25 June 2012

Getting into Roguelikes: Spelunky

In the last post, I gave instructions on how to get started with Transcendence, a shooty roguelike set in space. This time around, we're actually going down into a dungeon, although not in a classical roguelike-fashion, but via old-school jump 'n run gameplay. Let me introduce to you: 


Spelunky is a rather interesting game, the PC version is free here. Grafically, it looks like something that might have come out in the era of the Super NES or its more powerful competitor, the Sega Genesis/Mega Drive, as does the gameplay. The mechanics behind all of it though are those of a hardcore roguelike: The levels are procedurally generated, the difficulty is steep and unforgiving (you die, you restart. No save-points or such things), you can loot gold and some items that you may trade in at stores that are inexplicably set in the dungeons depths and you can even worship a goddess via unholy sacrifices in order to gain advantageous items in-game. The mixture of Super Mario and Indiana Jones is, once you get some practise under your belt/fedora hat, highly addictive and can be quite fun.

The problem that some people may have with this game is its steep difficulty curve. In your first few plays (and the exact mechanics are all covered in the in-game tutorial, so I won't explain them here), you will die A LOT, feeling pride once you reach the fifth level of the dungeon and thus the second 'world' for the first time and then realizing that there are sixteen levels to this, right after dying on level five because the carnivorous plants cannot be killed by jumping on them... Unlike a lot of other roguelikes (but similar to last posts Transcendence), your characters skills do not get upgraded throughout the game. You have got to exercise your own gaming-skills in order to get better and find the right equipment. And be lucky about the level-generation. You may get into situations where you cannot get back out, which requires you to kill yourself and start over. Still, don't give up! The other big difference compared to most other roguelikes is that it's actually possible to beat this game. Here's the basics:

The first four levels are not as hard as they may seem to an inexperienced player. Once you got going good enough, with some luck you'll be using these to gather items and health. You get health by finding the damsel in distress and get her to the exit alive.Yes, that's an escort-mission but you can use her as a weapon as long as there are no deep pittfalls, carnivorous plants or spikes involved. Toss her at that oncoming monster and pick her back up. You can sacrifice anything that leaves a corpse or gets stunned on an altar to Kali, which will eventually get you special items. I wouldn't bother as a beginner though. There are plenty of times where you will need both bombs and climbing gear so keep them stocked. Bombs are your best bet against large enemies, especially the giant spider, which you can one-shot without getting it aggressive by tossing a bomb into its net. Bombs can also clear a path to the level exit. Remember that you have a limited time in each level. When the music slows down and gets creepy, hurry but do not panic. You can panic once the ghost appears on screen.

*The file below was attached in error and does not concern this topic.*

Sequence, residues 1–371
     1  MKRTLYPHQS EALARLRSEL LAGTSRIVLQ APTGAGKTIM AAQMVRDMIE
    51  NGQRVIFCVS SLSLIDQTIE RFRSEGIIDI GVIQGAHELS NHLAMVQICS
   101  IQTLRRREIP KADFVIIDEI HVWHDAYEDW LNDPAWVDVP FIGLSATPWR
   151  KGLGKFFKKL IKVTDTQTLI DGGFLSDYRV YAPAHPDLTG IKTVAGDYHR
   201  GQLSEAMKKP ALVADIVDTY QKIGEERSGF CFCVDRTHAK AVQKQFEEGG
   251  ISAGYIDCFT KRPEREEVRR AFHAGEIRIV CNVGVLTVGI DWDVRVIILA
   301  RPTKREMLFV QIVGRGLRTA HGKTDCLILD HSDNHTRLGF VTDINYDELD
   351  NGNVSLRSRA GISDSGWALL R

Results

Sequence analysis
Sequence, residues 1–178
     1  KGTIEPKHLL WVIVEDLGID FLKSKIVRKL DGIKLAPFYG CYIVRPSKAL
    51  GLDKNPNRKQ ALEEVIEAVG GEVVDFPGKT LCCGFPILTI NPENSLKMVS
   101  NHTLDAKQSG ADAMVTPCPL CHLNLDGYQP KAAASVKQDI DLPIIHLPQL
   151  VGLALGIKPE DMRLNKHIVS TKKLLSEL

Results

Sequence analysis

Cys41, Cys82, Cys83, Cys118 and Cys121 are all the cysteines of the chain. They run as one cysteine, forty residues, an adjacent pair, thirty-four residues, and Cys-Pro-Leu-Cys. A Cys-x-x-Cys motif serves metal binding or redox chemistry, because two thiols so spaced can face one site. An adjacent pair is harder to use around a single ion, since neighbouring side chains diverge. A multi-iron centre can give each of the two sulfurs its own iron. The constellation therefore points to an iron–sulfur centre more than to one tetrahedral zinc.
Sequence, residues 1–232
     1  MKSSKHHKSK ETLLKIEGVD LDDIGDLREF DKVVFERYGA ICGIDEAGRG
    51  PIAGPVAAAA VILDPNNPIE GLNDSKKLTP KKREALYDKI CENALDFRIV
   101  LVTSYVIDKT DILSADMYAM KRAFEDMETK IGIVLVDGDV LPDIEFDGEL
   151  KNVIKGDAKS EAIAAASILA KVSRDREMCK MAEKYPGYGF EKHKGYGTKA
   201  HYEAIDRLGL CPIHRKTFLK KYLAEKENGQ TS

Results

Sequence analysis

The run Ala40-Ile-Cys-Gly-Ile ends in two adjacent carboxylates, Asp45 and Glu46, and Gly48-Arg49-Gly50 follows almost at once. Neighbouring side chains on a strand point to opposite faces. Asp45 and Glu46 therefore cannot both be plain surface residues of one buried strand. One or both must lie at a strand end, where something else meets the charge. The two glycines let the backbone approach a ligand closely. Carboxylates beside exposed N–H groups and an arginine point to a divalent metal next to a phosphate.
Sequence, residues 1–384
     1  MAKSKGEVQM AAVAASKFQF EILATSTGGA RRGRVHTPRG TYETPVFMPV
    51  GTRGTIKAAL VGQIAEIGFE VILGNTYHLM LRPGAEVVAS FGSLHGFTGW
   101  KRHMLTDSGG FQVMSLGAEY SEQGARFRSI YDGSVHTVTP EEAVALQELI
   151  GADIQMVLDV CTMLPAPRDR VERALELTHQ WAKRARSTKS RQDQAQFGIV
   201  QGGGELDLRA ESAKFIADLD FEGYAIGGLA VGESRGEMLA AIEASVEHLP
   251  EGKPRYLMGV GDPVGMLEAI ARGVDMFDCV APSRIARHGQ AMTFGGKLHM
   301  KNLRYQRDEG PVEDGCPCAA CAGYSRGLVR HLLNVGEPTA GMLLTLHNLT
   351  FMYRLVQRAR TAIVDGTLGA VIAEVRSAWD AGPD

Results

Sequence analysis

Once you're comfortable using jumping, running, climbing and your whip, it's time to get some better equipment. There are stores in some levels, which allow you to trade gold you've found or even the golden idol for equipment or health (prostitution?) here. You can also steal but that would make you a wanted man, with a shotgun-toting shopkeeper at every single level-exit waiting to kill you. Know what you're doing if that is what you want. What items are worthwhile though? Like I wrote before: You need bombs and some ropes all the time, especially later in the game, when you need to cross large open spaces. If you find an adventure-equipment store, definitely get the compass first. It shows you where the exit of a level is, which can and will save your life often. The next important thing is probably the cape or, if you can find one, the jetpack. The cape allows you to sail across large distances and breaks your fall if you use it correctly, something that will possibly become an actual necessity in the later levels. The only thing better than that is the jetpack, which actually replaces it on your back. If you find yourself a cape and a compass, you're already quite well equipped for the game. Having sticky bombs makes boss-level monsters easy to kill but isn't really necessary as you can avoid most monsters.

So, go out there and find that giant idol! It's only a matter of patiently mastering the game and, if you think about it, that's very much old-school. Consider that back in the day you'd have a gaming system (a Sega Game Gear in my personal case) and just a scant few games for it - but they kept you entertained because they were hard. How often has someone who beat the original Mario Bros. or Sonic the Hedgehog seen the first few levels of these games? Often and that's how it's going to be with Spelunky but once you do get to Olmec, the difficulty makes it all the more rewarding...

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